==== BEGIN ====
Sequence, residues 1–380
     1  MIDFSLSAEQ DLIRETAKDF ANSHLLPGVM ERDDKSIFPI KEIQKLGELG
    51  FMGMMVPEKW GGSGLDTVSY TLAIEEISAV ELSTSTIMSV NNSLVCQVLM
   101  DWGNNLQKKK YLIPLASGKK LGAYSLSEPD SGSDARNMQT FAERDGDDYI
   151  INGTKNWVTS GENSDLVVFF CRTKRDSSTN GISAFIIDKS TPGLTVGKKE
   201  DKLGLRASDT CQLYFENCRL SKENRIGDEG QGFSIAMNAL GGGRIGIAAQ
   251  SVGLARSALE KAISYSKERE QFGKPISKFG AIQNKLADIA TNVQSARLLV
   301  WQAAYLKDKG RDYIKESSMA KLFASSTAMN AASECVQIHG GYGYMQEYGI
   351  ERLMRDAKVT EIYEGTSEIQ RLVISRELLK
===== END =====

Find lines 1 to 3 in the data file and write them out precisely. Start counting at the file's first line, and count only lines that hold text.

Sequence, residues 1–380
     1  MIDFSLSAEQ DLIRETAKDF ANSHLLPGVM ERDDKSIFPI KEIQKLGELG
    51  FMGMMVPEKW GGSGLDTVSY TLAIEEISAV ELSTSTIMSV NNSLVCQVLM